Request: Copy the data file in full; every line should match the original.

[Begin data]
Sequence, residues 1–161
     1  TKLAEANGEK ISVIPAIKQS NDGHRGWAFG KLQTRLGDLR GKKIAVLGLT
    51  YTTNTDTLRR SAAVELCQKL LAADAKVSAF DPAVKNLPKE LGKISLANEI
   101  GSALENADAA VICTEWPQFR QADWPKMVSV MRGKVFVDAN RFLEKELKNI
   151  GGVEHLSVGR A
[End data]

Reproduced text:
Sequence, residues 1–161
     1  TKLAEANGEK ISVIPAIKQS NDGHRGWAFG KLQTRLGDLR GKKIAVLGLT
    51  YTTNTDTLRR SAAVELCQKL LAADAKVSAF DPAVKNLPKE LGKISLANEI
   101  GSALENADAA VICTEWPQFR QADWPKMVSV MRGKVFVDAN RFLEKELKNI
   151  GGVEHLSVGR A